I realise this isn't a 'yes or no' question, and I apologise for asking something that could be seen as a discussion thread, but I had to ask.

I'm currently doing an EPQ in CS (specifically how QC will change Cryptography). I'm trying to gather up topics to cover, and so far I've scribbled down -

Effects -

  1. National security, classical cryptographic methods (RSA, DSA, AES-256). Including Shor's algorithm.

  2. Communications

  3. Online services, e.g. BitCoin.

How would we counter this (not sure how better to phrase this) -

  1. Lattice-based

  2. Multivariate

  3. Hash-based signatures

  4. Code-based cryptography

Is there anything else you'd recommend me including (as well as the above), or anything in the above you don't think I should include?

Honestly, the list above is a rough, first draft the main bulk of it... so don't it as gospel.

Best regards,


  • 4
    $\begingroup$ Search "Post quantum cryptography" for useful material. Also, IMHO, "Will Quantum Computing catch up with Classic, and when?" is a most interesting subject. $\endgroup$
    – fgrieu
    Commented Sep 2, 2012 at 14:00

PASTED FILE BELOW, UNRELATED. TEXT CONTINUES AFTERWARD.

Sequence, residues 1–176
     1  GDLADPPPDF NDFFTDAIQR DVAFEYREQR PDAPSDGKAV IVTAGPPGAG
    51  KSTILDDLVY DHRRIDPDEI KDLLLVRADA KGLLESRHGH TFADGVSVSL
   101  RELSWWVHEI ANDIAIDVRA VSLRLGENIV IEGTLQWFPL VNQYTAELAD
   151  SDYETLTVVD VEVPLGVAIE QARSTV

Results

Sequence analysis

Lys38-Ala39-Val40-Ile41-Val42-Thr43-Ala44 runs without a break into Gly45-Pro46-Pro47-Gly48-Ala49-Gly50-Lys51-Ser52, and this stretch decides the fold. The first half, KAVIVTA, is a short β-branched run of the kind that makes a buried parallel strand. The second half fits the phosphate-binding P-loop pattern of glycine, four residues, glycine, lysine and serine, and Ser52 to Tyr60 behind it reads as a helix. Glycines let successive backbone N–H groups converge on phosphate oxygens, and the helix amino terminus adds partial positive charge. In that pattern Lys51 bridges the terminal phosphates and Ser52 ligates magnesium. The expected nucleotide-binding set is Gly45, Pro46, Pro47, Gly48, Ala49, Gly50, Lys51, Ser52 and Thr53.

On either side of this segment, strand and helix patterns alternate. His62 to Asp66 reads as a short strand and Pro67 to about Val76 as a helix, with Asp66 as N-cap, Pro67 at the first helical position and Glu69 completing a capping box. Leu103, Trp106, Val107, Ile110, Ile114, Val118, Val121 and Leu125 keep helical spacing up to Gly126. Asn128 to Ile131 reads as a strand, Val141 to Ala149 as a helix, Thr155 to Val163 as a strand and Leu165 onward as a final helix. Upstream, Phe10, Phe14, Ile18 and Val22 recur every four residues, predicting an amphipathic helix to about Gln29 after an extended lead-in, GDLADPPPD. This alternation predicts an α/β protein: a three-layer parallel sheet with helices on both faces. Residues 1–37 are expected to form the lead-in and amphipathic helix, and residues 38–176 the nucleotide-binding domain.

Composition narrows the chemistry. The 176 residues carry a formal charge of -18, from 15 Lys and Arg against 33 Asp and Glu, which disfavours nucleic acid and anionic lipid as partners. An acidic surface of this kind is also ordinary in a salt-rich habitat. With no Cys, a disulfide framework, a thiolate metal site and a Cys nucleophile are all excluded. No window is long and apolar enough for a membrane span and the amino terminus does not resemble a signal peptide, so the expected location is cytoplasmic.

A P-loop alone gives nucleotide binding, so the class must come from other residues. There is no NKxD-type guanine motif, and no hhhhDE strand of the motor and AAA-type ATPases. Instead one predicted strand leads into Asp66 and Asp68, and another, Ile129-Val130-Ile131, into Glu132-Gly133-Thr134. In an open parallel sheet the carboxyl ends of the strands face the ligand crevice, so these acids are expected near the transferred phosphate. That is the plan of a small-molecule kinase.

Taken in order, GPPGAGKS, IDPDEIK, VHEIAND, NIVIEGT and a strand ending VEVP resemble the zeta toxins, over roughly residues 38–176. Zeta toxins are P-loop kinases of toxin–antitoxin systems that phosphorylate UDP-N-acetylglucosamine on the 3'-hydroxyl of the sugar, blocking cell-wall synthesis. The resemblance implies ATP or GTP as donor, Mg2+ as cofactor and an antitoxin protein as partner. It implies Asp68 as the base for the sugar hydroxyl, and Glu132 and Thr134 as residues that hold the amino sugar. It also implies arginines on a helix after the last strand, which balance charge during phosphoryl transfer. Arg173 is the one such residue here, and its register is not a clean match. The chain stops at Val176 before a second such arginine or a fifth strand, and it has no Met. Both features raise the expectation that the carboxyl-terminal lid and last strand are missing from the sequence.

• 1
    $\begingroup$ That's certainly a very interesting subject matter. What would that involve do you think? Mainly covering the history, and where I think the advancements will end up or something else entirely? In addition, do you not think the first one regarding quantum computing is more focused? $\endgroup$ Commented Sep 2, 2012 at 14:09
  • $\begingroup$ if I knew how to meaningfully explore "Will Quantum Computing catch up with Classic, and when?", I would be doing that! Indeed, that seems even harder and less focused than what you are tackling; but more down-to-earth, too. $\endgroup$
    – fgrieu
    Commented Sep 3, 2012 at 7:03
  • $\begingroup$ One of the closest thing to a QC seems to be this $\endgroup$
    – fgrieu
    Commented Sep 3, 2012 at 12:50
  • $\begingroup$ This survey paper is quite a good read on this topic. $\endgroup$
    – jayann
    Commented Dec 30, 2014 at 9:46

4 Answers 4